Every once in a while a show comes along that restores your faith in musical theatre and the ability of the British to produce the very best in the world. With jukebox musical after jukebox musical being rolled out and reboots of old classic shows it is refreshing to see a new kid on the block, and this kid is top of the class, maybe even Head Boy!

The story of the Calendar Girls is familiar to most. Following the diagnosis and subsequent death of John Baker (James Gaddas) from non-Hodgkin’s lymphoma in 1998 his partner Annie (Joanna Riding) and the rest of the Rylstone & District Women’s Institute came up with the idea of making a calendar to raise money to replace the tatty sofa in the visitors room at the hospital where John was treated during his illness.

What followed was something they couldn’t have imagined in their wildest dreams. From a calendar launch that garnered interest from all the major news channels to a film being written about their story which subsequently was turned into a stage play that broke box office records wherever it played and finally this brand new musical, an idea that was expected to raise just a few quid has now raised over four million pounds for charity to date including an amazing total of £12,500 alone in bucket collections after each performance at the Lowry.

With Tim Firth at the helm who wrote both the film and play he enlisted the help of his old school friend, a certain Mr Gary Barlow to turn the story into a musical. And what an amazing job they have both done. The songs are all catchy and some a lyrical minefield for the cast to perform and are written by northerners who understand the north. For me this is the best new musical I have seen in 20 odd years. It takes you on a journey you are not expecting combining comedy and heartache in perfectly proportioned amounts.

Someone who hardly gets mentioned in theatre reviews is the casting director, often a pivotal part of any production and on this occasion Sarah Bird has excelled bringing together an immensely strong cast who I honestly could not find fault with. Joanna Riding as Annie and Claire Moore as Chris have an amazing chemistry on stage as they forge ahead with their plight despite the objection of Harriet Thorpe as Marie, the leader and matriarch of the WI branch. The rest of the WI group Debbie Chazen (Ruth), Sara Kestelman (Jessie), Claire Machin (Cora) and Vivien Parry (Celia) shine equally with each getting their time in the spotlight with a solo number.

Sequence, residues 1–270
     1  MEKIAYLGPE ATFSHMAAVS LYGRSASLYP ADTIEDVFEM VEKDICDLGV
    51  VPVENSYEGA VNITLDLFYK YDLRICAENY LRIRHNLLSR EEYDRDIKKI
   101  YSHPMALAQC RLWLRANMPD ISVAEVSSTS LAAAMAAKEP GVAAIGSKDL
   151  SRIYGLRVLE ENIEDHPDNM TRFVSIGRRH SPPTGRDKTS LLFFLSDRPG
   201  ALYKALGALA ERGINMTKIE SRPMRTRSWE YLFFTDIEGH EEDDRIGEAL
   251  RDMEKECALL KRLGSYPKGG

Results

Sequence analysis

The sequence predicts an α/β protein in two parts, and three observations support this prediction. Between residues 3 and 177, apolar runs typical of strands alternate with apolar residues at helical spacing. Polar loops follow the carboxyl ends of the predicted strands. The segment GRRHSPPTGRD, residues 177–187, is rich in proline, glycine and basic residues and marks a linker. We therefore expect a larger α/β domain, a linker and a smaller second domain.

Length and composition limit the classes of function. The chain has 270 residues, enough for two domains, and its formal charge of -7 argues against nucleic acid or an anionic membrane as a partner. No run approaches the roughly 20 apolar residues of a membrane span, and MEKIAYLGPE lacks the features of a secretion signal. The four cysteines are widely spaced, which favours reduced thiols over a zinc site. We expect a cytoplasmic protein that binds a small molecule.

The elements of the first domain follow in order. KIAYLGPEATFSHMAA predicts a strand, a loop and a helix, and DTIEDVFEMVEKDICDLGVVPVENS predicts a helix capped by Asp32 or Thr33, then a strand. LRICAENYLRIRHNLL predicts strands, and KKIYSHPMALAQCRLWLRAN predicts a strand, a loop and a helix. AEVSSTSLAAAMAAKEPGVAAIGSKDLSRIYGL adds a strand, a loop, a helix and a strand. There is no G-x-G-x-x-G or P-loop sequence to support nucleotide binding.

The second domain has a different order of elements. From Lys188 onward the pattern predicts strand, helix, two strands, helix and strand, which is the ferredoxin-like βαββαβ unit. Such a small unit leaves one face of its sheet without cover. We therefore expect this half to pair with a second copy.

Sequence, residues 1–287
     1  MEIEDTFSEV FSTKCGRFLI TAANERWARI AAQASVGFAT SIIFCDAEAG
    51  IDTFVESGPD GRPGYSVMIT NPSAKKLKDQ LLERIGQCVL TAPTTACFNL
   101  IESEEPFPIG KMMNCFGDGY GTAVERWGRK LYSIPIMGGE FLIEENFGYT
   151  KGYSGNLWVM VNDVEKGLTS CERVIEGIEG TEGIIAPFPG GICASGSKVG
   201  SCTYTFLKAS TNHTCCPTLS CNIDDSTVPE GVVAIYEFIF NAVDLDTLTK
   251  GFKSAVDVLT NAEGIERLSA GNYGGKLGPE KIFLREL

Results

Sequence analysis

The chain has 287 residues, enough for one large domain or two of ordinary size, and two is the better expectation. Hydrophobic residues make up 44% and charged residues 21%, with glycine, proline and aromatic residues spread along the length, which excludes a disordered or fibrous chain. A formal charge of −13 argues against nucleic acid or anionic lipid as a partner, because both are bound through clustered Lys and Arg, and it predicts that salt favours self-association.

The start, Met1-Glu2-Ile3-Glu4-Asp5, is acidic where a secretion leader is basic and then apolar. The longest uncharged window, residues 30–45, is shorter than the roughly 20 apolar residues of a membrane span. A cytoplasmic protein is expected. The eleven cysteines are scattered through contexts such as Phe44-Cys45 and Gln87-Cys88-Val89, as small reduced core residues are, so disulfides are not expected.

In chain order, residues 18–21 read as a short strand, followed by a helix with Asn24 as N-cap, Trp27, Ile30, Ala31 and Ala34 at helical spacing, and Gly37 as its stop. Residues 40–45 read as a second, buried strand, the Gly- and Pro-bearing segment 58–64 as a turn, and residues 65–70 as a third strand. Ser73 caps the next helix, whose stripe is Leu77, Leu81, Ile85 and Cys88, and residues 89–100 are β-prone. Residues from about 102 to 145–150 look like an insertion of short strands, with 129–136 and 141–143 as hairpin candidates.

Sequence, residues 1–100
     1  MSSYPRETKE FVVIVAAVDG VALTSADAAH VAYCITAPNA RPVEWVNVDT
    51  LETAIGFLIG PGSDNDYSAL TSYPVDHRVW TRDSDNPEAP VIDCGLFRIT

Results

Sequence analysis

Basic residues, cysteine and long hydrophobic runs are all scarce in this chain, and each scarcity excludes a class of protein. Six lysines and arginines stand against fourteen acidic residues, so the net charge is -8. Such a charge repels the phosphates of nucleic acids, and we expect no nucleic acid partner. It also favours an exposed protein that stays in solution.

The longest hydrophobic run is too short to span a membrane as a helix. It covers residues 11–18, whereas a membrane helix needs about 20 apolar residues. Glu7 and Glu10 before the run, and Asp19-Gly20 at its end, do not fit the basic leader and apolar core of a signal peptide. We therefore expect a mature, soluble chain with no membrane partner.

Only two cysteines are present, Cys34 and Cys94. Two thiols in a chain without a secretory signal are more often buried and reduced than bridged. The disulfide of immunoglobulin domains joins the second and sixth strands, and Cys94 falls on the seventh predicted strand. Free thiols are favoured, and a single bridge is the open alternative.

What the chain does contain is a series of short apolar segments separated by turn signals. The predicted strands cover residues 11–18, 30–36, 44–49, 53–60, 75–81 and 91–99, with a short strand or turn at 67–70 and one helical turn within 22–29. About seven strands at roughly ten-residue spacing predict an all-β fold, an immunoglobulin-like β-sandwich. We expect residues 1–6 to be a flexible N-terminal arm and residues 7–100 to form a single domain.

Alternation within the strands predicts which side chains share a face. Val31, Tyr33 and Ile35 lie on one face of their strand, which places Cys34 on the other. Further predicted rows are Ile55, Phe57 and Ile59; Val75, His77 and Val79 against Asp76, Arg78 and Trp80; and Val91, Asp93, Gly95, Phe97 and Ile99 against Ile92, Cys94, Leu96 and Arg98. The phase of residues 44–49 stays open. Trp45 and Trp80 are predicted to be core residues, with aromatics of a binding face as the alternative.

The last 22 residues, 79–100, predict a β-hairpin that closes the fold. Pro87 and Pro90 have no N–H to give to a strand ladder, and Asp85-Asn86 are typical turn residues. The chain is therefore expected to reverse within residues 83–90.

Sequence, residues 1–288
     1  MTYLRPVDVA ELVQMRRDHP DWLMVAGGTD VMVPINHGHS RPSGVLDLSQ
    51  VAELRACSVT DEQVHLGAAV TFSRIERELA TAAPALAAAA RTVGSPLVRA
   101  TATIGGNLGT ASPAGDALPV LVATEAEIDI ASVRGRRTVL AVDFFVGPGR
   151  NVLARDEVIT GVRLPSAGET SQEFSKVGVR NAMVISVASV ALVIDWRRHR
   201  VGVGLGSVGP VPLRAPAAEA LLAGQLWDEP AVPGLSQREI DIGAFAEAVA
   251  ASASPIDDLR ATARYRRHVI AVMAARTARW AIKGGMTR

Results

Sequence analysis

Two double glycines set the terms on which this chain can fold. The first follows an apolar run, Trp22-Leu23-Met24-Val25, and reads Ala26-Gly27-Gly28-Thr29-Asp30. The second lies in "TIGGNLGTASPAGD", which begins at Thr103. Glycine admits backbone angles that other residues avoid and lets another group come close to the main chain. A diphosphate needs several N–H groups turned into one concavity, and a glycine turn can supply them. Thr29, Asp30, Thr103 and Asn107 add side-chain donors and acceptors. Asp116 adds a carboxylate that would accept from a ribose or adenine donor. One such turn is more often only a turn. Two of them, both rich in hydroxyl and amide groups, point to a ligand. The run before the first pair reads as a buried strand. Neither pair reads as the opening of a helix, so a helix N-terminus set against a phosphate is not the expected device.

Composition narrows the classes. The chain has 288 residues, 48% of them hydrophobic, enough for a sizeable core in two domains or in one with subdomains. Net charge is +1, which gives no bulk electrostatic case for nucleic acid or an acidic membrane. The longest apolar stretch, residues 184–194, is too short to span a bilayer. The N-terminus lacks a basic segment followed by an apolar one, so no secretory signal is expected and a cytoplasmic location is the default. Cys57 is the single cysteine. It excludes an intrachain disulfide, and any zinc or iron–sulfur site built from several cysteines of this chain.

The final scene in which The Girls shoot the pictures for the calendar is absolute pure comedic genius as each girl disrobes in turn and poses for the camera with only everyday things protecting their modesty. Throughout we are reminded they are nude, not naked.

As well as the main story of The Girls we are allowed to see three of their children as they, at times struggle to come to terms with what is happening around them. Josh Benson as Tommo, Ben Hunter as Danny and Chloe May Jackson as Jenny all display stagecraft way beyond their teenage years. The blossoming love story between Danny and Jenny also makes for a welcome distraction to the more serious events taking place.

Robert Jones has created a set for this show which is both minimalistic yet exceedingly versatile. What first seems to be a mish mash of old wardrobes, drawers and cupboards morph into the various scenes throughout the show with seemingly not one space unused to store a piece of additional set, provide a doorway or stepping stones, doubles up as the green hills of Yorkshire. Simple yet effective gauzes manoeuvre into a number of different formations to form a canvass onto which images are projected. The back wall of the enormous Lowry stage also benefits from very subtle yet effective projections. Pin point accurate lighting design from Tim Lutkin accentuates this work of scenic art.

An eight piece band under the directorship of Richard Beadle plays the beautiful score from Gary Barlow to perfection, I just wish that the cast recording was available to buy in the foyer, something which I hope is to be corrected sooner rather than later. It would be a crime not to have an everlasting memory of this original cast to listen to at will.

The Girls will make you laugh, make you cry and make you value your loved ones just that little bit more after seeing the show.

The show runs at the Lowry until the 30th January and after that who knows where these Yorkshire lasses will end up next? If I was a betting man I’d say right slap bang in the middle of the West End! It is nothing more than this stunning production deserves.

In the meantime you can donate to the Bloodwise charity supported by the production and indeed the Calendar Girls at www.bloodwise.org.uk

Reviewer: Paul Downham

Reviewed: 19th January 2016


Photo: John Swannell